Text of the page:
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UPARC's lesson: Give your best

Published Oct. 6, 2005

Surely among the most important things the Upper Pinellas Association for Retarded Citizens does is to teach its clients to be as much as they can be.

Three speakers at Tuesday's 12th annual UPARC Foundation Interfaith Prayer Breakfast coincidentally struck that theme.

Jerry Figurski, president of the foundation board of directors, talked of UPARC's loving care of his daughter Tracy since she was 3{. He recalled how, about age 11, she made sure she had his attention one day, tied her shoe laces and then, with eyes wide and face beaming, asked, "Are you proud of me?"

She is now 21, living in a UPARC group home and employed in its workshop.

UPARC client Herb Brunk, 27, was certainly beaming as he told the crowd of 325 about his job at a candy factory, for which he is paid every Friday. "I'm very pleased about myself," said Brunk, who lives in UPARC's Waterfall Apartments in Clearwater.

University of Florida football coach Steve Spurrier, the breakfast's featured speaker, shared some of the coaching philosophy of legendary UCLA basketball coach John Wooden, including, "Never cease to be the best you can be."

Fred Fisher, the reigning Mr. Clearwater and notable University of Florida booster and benefactor, got the first big rise out of the crowd at the Belleview Mido Resort Hotel when he reminded Spurrier that last year's breakfast speaker "went on to win the national championship." He was referring to Florida State University football coach Bobby Bowden.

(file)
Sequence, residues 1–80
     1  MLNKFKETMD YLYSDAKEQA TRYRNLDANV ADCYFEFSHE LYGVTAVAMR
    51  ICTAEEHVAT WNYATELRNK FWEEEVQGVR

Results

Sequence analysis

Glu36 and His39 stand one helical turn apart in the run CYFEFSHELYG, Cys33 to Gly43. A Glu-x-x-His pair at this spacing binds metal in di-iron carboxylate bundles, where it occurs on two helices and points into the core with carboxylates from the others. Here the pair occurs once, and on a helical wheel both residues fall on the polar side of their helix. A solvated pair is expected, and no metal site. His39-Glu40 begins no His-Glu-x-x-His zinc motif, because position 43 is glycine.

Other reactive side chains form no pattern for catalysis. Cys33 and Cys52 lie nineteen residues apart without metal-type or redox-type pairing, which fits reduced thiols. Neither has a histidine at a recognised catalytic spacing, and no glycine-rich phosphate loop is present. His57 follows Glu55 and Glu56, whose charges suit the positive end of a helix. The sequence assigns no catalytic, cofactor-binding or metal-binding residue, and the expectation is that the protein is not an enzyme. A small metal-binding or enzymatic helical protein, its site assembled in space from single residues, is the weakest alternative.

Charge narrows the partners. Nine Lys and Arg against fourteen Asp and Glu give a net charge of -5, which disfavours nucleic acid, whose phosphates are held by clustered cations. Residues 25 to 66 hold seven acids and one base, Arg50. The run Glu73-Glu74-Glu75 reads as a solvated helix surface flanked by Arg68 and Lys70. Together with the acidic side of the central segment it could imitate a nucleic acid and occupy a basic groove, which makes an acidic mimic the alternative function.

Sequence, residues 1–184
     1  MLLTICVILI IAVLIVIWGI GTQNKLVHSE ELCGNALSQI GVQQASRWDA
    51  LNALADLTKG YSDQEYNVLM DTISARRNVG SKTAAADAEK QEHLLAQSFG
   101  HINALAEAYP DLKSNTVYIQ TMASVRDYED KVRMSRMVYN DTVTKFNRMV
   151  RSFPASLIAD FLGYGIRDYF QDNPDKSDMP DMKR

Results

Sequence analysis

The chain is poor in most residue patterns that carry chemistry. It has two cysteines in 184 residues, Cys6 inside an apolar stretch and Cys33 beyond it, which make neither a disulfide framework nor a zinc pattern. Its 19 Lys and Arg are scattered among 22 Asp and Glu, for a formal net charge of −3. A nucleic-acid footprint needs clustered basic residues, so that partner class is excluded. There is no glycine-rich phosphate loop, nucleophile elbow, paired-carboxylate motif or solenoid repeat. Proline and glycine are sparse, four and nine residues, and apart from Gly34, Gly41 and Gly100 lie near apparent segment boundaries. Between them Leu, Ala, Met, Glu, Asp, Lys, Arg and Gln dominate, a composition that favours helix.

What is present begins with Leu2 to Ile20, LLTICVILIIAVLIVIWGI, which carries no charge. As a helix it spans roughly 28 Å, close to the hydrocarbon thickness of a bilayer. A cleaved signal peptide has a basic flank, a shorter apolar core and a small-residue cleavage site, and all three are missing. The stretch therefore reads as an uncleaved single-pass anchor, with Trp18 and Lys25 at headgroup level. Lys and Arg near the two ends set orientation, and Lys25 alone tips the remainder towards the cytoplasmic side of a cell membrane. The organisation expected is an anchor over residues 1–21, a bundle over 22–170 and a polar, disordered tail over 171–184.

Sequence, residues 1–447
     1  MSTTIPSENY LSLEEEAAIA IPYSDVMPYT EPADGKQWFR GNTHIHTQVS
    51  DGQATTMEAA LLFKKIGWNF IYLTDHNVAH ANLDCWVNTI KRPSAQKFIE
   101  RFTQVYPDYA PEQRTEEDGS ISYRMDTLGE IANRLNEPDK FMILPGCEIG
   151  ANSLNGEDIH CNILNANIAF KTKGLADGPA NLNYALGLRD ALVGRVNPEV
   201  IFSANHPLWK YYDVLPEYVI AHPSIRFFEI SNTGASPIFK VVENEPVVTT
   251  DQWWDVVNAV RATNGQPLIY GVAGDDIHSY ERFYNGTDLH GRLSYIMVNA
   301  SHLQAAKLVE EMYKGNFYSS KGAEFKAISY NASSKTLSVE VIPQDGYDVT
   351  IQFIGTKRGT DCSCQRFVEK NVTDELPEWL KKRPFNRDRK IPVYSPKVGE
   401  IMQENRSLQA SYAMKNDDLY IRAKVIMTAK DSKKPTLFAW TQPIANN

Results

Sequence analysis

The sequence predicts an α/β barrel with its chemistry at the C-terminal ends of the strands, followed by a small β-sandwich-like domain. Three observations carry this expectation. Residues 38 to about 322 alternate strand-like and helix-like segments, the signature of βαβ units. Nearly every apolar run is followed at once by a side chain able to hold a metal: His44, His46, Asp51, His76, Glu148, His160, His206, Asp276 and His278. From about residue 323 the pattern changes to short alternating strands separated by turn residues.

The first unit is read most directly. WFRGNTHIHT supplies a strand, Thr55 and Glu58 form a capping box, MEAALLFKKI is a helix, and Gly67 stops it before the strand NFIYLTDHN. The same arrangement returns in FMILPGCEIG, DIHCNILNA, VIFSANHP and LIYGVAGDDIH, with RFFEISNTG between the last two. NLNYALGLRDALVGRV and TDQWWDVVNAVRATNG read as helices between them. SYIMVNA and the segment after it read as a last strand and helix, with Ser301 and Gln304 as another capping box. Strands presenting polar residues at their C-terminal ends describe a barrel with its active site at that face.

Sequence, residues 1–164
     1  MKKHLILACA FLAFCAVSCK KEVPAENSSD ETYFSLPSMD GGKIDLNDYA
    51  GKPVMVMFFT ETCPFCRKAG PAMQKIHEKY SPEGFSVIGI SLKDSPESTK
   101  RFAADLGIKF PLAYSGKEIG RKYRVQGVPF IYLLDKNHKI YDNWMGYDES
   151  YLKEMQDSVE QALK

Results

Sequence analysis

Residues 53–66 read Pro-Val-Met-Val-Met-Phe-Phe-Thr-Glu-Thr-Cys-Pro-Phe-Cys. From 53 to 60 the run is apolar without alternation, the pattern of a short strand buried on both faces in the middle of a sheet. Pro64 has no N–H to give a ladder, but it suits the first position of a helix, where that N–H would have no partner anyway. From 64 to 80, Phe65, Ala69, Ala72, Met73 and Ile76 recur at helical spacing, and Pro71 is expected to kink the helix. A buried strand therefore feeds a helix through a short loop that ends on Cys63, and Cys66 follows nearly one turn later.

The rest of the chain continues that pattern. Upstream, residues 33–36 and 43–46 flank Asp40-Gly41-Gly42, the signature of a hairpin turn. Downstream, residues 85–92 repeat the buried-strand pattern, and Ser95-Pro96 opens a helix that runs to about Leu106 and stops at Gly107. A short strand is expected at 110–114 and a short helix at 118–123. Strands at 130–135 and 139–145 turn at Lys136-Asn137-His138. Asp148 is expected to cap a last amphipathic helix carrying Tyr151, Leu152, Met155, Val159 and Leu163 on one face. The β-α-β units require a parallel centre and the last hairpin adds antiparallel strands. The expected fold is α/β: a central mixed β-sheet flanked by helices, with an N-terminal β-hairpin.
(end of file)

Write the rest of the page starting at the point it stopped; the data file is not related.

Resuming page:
Spurrier predicted a Gators finish among the top five college teams next season.

WTVT-Ch. 8 sportscaster Dick Crippen, a new member of the UPARC Foundation board, introduced Spurrier and recalled his year as a Tampa Bay Buccaneers quarterback during the inaugural season of 1976, when the Bucs lost all 14 games.

Spurrier told about a team meeting with head coach John McKay before the Buffalo Bills visited Tampa Stadium. McKay said he felt this was a team the Bucs could beat if they played better on the offensive and defensive lines. "That's where games are lost," he said.

McKay then woke up offensive lineman Howard Fest, who was in the back of the room, Spurrier said. "Where are games lost?" McKay asked. "Playing with the Buccaneers," Fest answered.

Spurrier remembered sharing the misery with popular running back Jimmy DuBose, who was sitting in the front row Tuesday. DuBose ("Du! Du! Du!" the crowd always chanted, which initially sounded like boos to newcomers) had been, like Spurrier, a popular player for the Gators before joining the Bucs. He was with the Bucs from 1976 to 1980.

DuBose lives in Tampa and is a supervisor with GTE.

Figurski proudly told of UPARC serving more than 400 individuals and said, "I would love to take each of you on a tour" of the UPARC facilities at the Long Center.

But there is "so much more to do," he added, pointing out that 150 people wait for space in group homes and 180 wait for jobs in the workshop. That is expected to be the theme of a coming capital campaign.